[Python] Use python boto3 and crontab to backup MySQL to AWS S3

[Python] Use python boto3 and crontab to backup MySQL to AWS S3

I wrote a python script to backup MySQL and upload to AWS S3. I will show you these steps in the following. First of all, you need to create an user in AWS IAM.

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Create a new user in IAM

Put “Create New Users” bottom
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Input user’s name
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Don’t forget to download the user’s credential. You must download this user’s credential, or you cannot download it afterwards.
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Attach policy to this IAM user
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This user only needs to access S3, I give this user all S3 permission.
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Finally, you can see that there is a policy inside the permissions.
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By the way, if you want to attach a IAM role to an EC2 instance, you must create an IAM role before you launch an EC2 instance. You can follow the above instructions to create an IAM role. Then when you launch an EC2 instance, attach it to EC2 instance.
ec2_iam_role

After creating IAM user, you need to install pip on your EC2 instances. What’s pip? Pip is an useful tool based on python, it helps you to install python packages quickly.

Install related tools

$ curl "https://bootstrap.pypa.io/get-pip.py" -o "get-pip.py"

$ sudo python get-pip.py

Check pip installation.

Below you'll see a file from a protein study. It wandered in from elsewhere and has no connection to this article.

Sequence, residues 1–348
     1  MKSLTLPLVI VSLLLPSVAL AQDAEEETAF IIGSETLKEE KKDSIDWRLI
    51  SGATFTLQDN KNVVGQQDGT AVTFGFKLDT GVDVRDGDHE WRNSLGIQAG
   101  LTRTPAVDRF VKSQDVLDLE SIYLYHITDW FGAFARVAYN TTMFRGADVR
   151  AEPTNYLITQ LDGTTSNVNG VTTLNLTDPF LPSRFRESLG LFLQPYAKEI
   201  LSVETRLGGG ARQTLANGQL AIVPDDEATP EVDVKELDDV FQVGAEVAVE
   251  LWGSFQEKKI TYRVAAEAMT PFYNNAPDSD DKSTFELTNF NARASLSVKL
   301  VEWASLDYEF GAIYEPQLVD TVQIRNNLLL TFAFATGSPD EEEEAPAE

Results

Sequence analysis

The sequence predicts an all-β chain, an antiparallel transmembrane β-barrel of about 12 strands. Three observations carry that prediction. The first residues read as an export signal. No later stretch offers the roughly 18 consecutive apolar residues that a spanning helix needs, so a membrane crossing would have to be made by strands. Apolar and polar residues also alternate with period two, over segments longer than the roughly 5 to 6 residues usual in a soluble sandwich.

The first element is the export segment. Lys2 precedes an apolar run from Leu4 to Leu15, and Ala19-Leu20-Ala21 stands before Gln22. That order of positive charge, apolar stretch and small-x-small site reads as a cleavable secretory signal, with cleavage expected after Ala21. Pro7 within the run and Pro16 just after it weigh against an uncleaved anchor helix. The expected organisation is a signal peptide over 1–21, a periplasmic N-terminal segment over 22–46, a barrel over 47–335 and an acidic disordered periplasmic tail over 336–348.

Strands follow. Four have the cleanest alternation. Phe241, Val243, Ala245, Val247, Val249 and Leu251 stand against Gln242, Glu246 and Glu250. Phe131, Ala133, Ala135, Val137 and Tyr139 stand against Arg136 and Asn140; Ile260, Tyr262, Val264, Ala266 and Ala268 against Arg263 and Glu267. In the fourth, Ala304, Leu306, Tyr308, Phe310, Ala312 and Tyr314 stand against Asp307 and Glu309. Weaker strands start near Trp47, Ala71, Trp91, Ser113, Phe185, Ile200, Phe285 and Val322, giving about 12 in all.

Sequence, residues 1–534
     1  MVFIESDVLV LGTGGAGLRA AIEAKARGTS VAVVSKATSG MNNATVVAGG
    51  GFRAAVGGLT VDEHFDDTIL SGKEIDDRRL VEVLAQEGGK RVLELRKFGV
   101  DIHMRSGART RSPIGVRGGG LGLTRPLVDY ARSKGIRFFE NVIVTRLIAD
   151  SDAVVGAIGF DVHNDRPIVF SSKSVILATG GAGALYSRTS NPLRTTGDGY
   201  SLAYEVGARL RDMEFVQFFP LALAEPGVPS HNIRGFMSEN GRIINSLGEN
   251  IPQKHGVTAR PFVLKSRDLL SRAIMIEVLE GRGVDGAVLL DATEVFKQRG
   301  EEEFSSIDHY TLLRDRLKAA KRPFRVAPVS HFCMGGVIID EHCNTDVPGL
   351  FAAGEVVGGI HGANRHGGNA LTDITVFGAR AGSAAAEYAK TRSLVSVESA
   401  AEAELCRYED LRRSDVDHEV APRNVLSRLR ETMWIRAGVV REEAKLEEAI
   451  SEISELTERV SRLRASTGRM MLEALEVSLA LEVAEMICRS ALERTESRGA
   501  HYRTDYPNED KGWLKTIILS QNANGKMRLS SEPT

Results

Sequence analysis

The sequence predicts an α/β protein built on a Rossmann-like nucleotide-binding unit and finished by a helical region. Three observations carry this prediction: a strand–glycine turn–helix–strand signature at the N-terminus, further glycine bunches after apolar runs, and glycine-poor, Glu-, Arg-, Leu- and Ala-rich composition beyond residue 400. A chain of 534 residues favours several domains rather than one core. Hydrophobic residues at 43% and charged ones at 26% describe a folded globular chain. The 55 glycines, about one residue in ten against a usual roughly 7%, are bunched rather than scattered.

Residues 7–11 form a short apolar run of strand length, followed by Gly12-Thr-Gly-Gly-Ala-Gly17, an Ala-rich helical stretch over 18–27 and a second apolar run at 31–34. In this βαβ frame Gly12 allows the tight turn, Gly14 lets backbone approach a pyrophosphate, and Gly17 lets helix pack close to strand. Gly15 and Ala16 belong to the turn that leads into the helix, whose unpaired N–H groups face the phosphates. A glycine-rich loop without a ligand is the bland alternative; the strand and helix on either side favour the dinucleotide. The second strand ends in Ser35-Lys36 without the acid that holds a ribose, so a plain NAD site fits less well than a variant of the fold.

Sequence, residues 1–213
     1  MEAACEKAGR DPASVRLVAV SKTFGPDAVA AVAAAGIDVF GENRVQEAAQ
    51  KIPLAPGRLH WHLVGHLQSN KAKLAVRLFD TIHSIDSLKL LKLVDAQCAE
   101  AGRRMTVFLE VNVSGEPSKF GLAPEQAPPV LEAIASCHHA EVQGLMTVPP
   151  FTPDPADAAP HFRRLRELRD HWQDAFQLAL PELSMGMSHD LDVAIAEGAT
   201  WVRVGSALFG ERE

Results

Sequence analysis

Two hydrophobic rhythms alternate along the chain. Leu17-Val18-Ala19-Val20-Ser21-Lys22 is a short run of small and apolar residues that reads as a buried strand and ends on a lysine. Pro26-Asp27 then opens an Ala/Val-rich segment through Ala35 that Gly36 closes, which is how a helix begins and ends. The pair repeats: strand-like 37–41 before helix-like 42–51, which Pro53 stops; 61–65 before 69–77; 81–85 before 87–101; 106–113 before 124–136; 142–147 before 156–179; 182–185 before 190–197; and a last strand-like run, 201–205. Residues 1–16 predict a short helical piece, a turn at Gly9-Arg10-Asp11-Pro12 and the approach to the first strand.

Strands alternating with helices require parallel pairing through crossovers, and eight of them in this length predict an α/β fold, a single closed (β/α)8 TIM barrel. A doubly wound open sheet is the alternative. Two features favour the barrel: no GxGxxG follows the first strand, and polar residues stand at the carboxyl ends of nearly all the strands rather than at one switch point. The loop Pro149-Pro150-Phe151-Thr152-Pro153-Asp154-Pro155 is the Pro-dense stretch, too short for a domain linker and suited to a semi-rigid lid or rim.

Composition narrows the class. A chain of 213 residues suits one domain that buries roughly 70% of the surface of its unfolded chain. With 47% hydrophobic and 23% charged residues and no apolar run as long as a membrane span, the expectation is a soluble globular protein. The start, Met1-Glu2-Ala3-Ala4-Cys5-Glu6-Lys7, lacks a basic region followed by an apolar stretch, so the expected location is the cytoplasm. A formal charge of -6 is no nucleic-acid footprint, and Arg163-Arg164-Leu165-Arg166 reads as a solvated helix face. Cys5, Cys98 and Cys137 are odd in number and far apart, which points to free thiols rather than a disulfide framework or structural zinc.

$ pip --help

Install AWS CLI by pip.

$ sudo pip install awscli

After installing pip and AWS CLI, install a python package is named boto3. boto3 is a powerful tool for AWS management.

$ sudo pip install boto3

Configure credentials file

Then use AWS CLI to configure credentials file

$aws configure

Input your aws_access_key_id, aws_secret_access_key which you downloaded before. And set a default region. Alternatively, you can create the credential file yourself. By default, its location is at ~/.aws/credentials:

[default]
aws_access_key_id = YOUR_ACCESS_KEY
aws_secret_access_key = YOUR_SECRET_KEY

You may also want to set a default region by yourself. This can be done in the configuration file. By default, its location is at ~/.aws/config:

[default]
region=us-east-1

Create a bucket in S3

Don’t forget to create a bucket in your S3.
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Write a script

When you finish the above steps, we can write a simple python script to backup our MySQL data now.

$ vim wordpress_backup.py
#!/usr/bin/env python
import os
import time
import boto3

username = 'YOUR_DATABASE_USERNAME'
password = 'YOUR_DATABASE_PASSWORD'
hostname = 'localhost' # your database host.
database = 'YOUR_DATABASE_NAME'

filestamp = time.strftime('%Y%m%d')

#===============dump database=================
filePath = "/home/ubuntu/%s-%s.sql" % (database, filestamp)
os.popen("mysqldump -u%s -p%s %s -h%s > %s" % (username, password, database, hostname, filePath))

#=============upload SQL file to S3=================
s3 = boto3.resource('s3')

bucketName = 'BUCKET_NAME'

filename = "%s-%s.sql" % (database, filestamp)

s3.Object(bucketName, filename).put(Body=open(filename, 'rb'))

print 'Uploading %s to Amazon S3 bucket: %s' % (filename, bucketName)
os.remove(filePath)

#===========Get object list from a bucket============
myBucket = s3.Bucket(bucketName)
objectList = myBucket.objects.all()

for key in objectList:
    print (key.key)

After you finished these steps, you can run this python script to backup MySQL, and you can find your MySQL dump in S3 bucket.

$ python wordpress_backup.py

Set crontab

Finally, we can use linux crontab to run this python script daily.

$ crontab -e

Add below line to your crontab file.

00 18 * * * /usr/bin/python /home/ubuntu/wordpress_backup.py >> /home/ubuntu/S3backup.log 2>&1

Set the rule of lifecycle in bucket properties

Find the lifecycle tab, and put “Add rule”
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You can apply this rule to a specific folder or whole bucket.
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You can permanently delete the old files.
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Finally, review the lifecycle rules, then create and activate this rule.
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